University of Vienna AUSTRIA

University of Vienna

The Department of Sociology (IFS) incorporates sociological research and teaching at the University of Vienna. Research at the Department of Sociology is influenced by the traditions of the Viennese School that combines diagnosis of society and sociological theory. Research interests of the Department include Work, Organization, Gender, Family, Generations, Life Course, Health, as well as Migration, Ethnicity, Social Inequality, Knowledge, Culture and Visual Worlds.
Link: www.soz.univie.ac.at
 
The research group “Ageing and the Life-Course” at the Department of Sociology currently employs 13 young scholars working on topics surrounding age and ageing. Research interests of the research group include learning in later life, cultural participation and creativity in later life, living arrangements older persons and the use and design of technologies for older adults. For IFS, Vera Gallistl, Rebekka Rohner, Ines Jogl and Julia Warmuth will be working in ACCESS.

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Franz Kolland
franz.kolland(at)univie.ac.at
1090 Vienna
Rooseveltplatz 2
+43 (1) 4277-48123
+43 (1) 4277-48123

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Vera Gallistl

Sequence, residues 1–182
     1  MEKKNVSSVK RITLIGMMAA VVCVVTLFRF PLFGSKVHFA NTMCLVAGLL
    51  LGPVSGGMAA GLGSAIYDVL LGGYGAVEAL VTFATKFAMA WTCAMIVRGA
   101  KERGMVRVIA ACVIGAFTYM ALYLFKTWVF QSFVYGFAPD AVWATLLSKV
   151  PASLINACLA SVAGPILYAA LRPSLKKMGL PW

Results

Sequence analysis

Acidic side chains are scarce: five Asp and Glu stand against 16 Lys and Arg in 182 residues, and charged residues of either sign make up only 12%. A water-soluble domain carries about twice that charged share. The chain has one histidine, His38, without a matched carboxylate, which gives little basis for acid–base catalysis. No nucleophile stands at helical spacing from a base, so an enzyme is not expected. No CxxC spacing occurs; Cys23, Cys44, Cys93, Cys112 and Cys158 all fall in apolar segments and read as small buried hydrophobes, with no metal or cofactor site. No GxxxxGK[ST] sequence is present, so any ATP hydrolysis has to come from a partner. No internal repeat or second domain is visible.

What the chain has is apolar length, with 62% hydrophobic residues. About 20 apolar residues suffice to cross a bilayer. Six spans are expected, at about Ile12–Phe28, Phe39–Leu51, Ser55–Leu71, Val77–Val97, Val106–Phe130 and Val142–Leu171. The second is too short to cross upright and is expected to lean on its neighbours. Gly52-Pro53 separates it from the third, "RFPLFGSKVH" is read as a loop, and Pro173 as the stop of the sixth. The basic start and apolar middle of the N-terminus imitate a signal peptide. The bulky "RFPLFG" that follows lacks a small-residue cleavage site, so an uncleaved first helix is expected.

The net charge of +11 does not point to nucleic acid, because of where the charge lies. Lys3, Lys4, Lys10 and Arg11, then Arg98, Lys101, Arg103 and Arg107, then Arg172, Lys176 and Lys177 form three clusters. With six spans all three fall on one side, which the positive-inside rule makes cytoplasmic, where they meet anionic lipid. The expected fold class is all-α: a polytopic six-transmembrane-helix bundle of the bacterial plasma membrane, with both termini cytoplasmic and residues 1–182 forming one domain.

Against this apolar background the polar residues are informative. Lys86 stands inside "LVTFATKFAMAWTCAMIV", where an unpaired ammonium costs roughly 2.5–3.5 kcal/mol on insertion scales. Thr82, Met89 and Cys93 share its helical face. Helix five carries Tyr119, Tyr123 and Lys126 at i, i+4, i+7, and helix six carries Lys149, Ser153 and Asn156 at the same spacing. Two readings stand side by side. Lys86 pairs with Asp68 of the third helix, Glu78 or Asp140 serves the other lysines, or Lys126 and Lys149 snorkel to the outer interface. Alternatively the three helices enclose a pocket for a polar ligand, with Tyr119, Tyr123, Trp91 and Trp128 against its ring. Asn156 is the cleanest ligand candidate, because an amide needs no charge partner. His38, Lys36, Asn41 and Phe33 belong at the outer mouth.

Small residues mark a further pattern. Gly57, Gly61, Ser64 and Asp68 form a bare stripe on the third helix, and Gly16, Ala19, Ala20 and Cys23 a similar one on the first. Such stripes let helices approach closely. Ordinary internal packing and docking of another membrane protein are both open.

vera.maria.gallistl(at)univie.ac.at
1090 Vienna
Rooseveltplatz 2
+43 (1) 4277-49214
+43 (1) 4277-849214

Contribution to ACCESS

In the ACCESS project, we coordinate activities of WP2 and WP3. WP2 aims to define strategies to enable older adults’ learning by analyzing which diverse sub-groups of older adults have high or low digital competences and how these competences influence their access to and motivation for learning in later life. Based on this analysis, a joint report from all consortium members will define strategies to enable older adults’ learning with new technologies. In WP3, we explore the role of the technological artefact in learning processes of older adults. Results will be combined to report challenges older adults’ encounter when dealing with technological artefacts and give recommendations for the development of new technologies to support older adults’ learning processes.
 
Our main aim within the ACCESS project is to analyze older adults’ access to, barriers to and participation in learning in later life with new technologies and to explore which learning processes are involved when older adults encounter new technological artefacts.